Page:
Nine weeks to replace gears on bridge
Release Date: June 17, 2022
(Oshkosh) The Wisconsin Department of Transportation (WisDOT) announces scope, schedule and repair plans for the Oregon/Jackson Street bridge in the city of Oshkosh, Winnebago County. The bridge is currently closed to vehicle and pedestrian traffic after a bridge inspector discovered wear on gear components on the south leaf span. The gears are critical to raise and lower the bridge.
At a news conference on Thursday, June 16, 2022 WisDOT Bureau of Structures (BOS), which oversees bridge maintenance and operation on state highways, said there is no structural damage to the Oregon/Jackson Street Bridge beyond worn gear teeth. These new gears must be manufactured and installed before the bridge can be put back into full use.
Oregon/Jackson Street bridge repair plan, schedule and cost
- Repair: Remove old gearbox (finished), manufacturer new gears and install in gearbox, reinstall gearbox in bridge.
- Schedule: Eight-weeks for manufacturing of new gears and another week for reinstallation. Estimated total of nine weeks.
- Traffic impacts: The bridge will remain closed to vehicles and pedestrian traffic during repairs.
- Repairs may also affect passage of marine traffic for brief periods.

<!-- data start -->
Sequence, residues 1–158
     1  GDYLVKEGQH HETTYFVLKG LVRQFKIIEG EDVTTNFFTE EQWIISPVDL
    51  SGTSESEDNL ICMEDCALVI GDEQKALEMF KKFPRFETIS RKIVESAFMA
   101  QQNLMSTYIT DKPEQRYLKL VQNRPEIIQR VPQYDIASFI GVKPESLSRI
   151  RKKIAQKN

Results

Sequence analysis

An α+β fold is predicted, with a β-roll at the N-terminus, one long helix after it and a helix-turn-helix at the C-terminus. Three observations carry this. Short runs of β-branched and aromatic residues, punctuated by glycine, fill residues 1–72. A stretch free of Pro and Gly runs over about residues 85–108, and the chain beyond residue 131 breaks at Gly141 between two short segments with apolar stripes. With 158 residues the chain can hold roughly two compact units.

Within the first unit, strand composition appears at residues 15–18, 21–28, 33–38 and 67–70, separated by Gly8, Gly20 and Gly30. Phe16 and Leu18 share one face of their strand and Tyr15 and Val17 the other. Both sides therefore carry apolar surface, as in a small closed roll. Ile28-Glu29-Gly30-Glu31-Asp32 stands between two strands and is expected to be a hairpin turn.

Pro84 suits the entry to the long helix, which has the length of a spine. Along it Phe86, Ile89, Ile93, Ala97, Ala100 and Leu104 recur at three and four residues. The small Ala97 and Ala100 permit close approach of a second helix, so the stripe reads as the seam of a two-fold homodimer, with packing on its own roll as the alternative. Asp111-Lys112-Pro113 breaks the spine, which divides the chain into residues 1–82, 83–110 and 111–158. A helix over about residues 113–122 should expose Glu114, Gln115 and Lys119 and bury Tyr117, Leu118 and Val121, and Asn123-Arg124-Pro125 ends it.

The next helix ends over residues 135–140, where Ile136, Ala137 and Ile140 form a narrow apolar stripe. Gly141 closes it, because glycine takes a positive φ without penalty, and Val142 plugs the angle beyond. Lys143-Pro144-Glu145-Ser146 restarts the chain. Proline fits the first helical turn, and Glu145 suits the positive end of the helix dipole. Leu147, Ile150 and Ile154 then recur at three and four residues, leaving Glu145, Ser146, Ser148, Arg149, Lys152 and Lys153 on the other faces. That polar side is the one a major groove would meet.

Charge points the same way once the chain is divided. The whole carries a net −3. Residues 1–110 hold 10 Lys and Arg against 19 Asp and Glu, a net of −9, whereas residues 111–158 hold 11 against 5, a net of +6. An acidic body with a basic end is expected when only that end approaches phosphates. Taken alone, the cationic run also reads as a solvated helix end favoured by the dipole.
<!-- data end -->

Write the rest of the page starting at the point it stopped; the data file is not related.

- Cost Estimate: $125,000
- Updates or modifications to the repair plan will be posted on the Northeast Region maintenance website.
WisDOT worked with the gear manufacturer Regal/Rexnord and movable bridge engineering consultants Hardesty & Hanover to develop the plan for repair. Regal/Rexnord is assisting WisDOT with repairs.
A WisDOT bridge inspector conducting a routine annual inspection on May 25 noticed a faint, unusual vibration during lifting operations. The inspector identified the gear teeth wear after searching for the cause of the vibration. BOS Supervisor Tom Hardinger, P.E., said inspections are a crucial part of maintaining key infrastructure and ensuring safety.
“The issue discovered on the Oregon/Jackson Street bridge was simply a result of WisDOT’s due diligence inspecting all of our more than 5,000 state-owned bridges,” Said Hardinger. “Bridge inspections allow engineers to identify small defects and potential problem areas in bridges before they develop into major issues.”
Gears for lift bridges typically outlast the life of the bridge. The cause for the worn gear teeth is not yet determined. The components are under forensic analysis with the manufacture to deduce the exact cause. WisDOT investigated gear components on similar bridges and found no issues with gear wear.
For more information
Mark Kantola, Regional Communications Manager